Serious COVID Cases Keep Climbing as Israel Mulls Fourth Lockdown

Another lockdown would be Israel's last resort, the health minister said, calling on people to follow coronavirus guidelines and get vaccinated

Ido Efrati
Ido Efrati
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Israelis receiving COVID-19 vaccine in Jerusalem, August 2021.
Israelis receiving COVID-19 vaccine in Jerusalem, August 2021.Credit: Ohad Zwigenberg
Ido Efrati
Ido Efrati

Israel recorded 3,421 new COVID-19 cases on Wednesday, while the number of people in serious condition climbed to 241 – the highest since mid-April, according to figures issued by the Health Ministry on Thursday.

The number of coronavirus tests returning positive, meanwhile, dropped slightly, from 3.35 to 3.28 percent. The R number, representing the average number of people a COVID carrier infects, also went down, from 1.34 to 1.3.

Experts explain: If most Israelis are vaccinated, why is COVID surging?

The last time the R number dropped below 1, meaning the outbreak is under control, was in early June.

A total of 5,387,452 people received two vaccine doses and over 262,000 received a third vaccine booster. So far 6,503 people have died from COVID-19 since the start of the pandemic.

Health Minister Nitzan Horowitz said on Wednesday that the government sees another lockdown as a measure of last resort and that it can still be avoided if the public follows restrictions and if more people get vaccinated. "We will do the maximum to avoid a lockdown," he said.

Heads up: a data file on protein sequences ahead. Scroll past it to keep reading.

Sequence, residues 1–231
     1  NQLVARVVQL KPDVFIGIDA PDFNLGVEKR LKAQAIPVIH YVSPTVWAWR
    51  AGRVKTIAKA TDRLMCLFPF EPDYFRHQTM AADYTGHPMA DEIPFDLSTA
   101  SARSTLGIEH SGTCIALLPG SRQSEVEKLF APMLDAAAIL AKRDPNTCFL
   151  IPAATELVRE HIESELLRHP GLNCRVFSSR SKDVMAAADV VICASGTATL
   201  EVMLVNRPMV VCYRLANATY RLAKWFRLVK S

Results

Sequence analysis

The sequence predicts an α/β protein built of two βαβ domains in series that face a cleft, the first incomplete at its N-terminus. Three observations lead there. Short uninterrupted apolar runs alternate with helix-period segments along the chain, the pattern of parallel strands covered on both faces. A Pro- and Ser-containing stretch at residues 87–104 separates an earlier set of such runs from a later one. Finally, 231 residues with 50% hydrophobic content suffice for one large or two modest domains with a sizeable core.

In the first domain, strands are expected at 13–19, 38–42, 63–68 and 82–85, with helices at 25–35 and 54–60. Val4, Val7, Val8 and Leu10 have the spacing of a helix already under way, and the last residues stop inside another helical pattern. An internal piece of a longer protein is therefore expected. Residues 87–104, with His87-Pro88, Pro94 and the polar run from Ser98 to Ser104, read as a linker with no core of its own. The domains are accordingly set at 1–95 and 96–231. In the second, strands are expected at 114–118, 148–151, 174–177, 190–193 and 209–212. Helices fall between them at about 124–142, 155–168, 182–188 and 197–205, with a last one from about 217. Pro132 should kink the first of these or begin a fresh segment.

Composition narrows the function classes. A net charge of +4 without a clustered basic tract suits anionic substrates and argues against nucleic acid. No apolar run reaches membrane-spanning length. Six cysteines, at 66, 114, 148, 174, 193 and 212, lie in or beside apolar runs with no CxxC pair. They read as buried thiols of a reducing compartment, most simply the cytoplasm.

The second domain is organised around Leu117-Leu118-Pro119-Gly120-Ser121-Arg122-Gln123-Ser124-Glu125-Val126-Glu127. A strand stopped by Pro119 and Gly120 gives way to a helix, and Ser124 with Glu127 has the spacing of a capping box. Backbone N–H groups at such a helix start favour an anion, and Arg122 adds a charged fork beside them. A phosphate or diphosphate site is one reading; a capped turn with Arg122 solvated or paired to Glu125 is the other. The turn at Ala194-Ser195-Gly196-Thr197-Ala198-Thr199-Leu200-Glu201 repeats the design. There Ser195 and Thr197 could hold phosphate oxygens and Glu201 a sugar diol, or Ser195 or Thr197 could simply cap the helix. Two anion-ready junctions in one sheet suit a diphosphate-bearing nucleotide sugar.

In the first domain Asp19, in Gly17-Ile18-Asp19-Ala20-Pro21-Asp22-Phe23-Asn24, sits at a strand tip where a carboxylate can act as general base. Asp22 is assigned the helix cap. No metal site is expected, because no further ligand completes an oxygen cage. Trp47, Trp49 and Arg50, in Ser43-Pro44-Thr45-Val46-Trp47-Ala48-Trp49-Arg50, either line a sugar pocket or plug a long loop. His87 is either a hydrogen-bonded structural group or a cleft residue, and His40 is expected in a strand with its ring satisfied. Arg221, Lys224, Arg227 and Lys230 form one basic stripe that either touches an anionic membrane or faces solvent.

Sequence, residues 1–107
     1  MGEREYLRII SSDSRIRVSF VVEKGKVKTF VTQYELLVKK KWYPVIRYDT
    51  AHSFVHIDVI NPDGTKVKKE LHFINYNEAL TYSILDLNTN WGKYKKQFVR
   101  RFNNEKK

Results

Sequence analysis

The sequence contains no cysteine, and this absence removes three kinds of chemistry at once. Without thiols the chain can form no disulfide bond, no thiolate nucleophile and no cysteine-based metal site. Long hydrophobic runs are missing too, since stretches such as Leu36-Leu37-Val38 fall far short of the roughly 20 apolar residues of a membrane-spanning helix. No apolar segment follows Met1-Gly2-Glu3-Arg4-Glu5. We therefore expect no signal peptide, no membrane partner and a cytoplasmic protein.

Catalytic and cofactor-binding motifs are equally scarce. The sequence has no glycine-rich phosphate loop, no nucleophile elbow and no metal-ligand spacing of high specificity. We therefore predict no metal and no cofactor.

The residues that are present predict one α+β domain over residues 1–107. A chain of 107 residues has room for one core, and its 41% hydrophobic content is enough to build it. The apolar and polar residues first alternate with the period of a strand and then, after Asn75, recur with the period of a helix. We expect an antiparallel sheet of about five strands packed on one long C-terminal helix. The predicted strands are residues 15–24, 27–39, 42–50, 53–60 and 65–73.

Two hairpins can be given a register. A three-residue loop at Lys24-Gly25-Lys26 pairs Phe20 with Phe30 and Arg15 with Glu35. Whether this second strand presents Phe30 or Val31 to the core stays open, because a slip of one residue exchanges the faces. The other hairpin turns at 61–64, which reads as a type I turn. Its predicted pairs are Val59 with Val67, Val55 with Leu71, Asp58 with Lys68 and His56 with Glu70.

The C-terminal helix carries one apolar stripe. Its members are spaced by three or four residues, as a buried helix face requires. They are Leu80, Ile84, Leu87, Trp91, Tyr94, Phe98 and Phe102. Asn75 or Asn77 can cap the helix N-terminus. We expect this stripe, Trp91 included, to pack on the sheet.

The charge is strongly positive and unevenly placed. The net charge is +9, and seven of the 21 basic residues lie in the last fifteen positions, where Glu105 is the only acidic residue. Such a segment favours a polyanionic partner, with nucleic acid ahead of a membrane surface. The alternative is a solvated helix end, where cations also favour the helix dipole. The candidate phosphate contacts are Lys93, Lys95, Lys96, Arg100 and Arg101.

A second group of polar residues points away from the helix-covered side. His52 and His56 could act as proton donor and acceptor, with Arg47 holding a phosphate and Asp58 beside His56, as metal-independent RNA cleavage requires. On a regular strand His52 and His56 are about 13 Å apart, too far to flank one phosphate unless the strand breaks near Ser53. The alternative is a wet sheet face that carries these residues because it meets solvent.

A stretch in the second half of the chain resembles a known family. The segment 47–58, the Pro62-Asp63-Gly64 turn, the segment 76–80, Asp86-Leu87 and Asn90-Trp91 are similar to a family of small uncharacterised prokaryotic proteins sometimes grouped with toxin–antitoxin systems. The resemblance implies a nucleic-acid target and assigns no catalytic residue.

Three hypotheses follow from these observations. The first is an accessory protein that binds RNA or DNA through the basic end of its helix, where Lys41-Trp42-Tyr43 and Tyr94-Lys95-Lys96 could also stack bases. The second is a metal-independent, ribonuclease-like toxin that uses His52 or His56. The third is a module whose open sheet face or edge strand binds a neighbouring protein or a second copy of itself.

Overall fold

Israel’s coronavirus cabinet concluded a three-hour-long meeting on Tuesday by announcing a series of new COVID-19 restrictions, as the country plunged deeper into a post-vaccination delta variant wave. The new regulations, including limiting gatherings to those with proof of immunity and encouraging working from home, will go into effect on Sunday.

"Our goal is to keep Israel open while preventing a situation where hospitals fill up, and we'll have a shortage of beds," Prime Minister Naftali Bennett said at the opening of a COVID-19 testing center earlier on Wednesday, adding that "we know how to slam on the breaks" if such a situation arises.

The Health Ministry’s director-general, Prof. Nachman Ash, told Army Radio on Thursday: “We don’t want to get to a lockdown, but reality can make it a necessary move to make.” He added that should the booster shot campaign lead to a decrease in infection rates, “it could prevent or delay stricter measures.”

“For now, I would give time for the third vaccine and other measures to work,” Ash said. “We’ll have to make another decision in two-three weeks, maybe even during August.”

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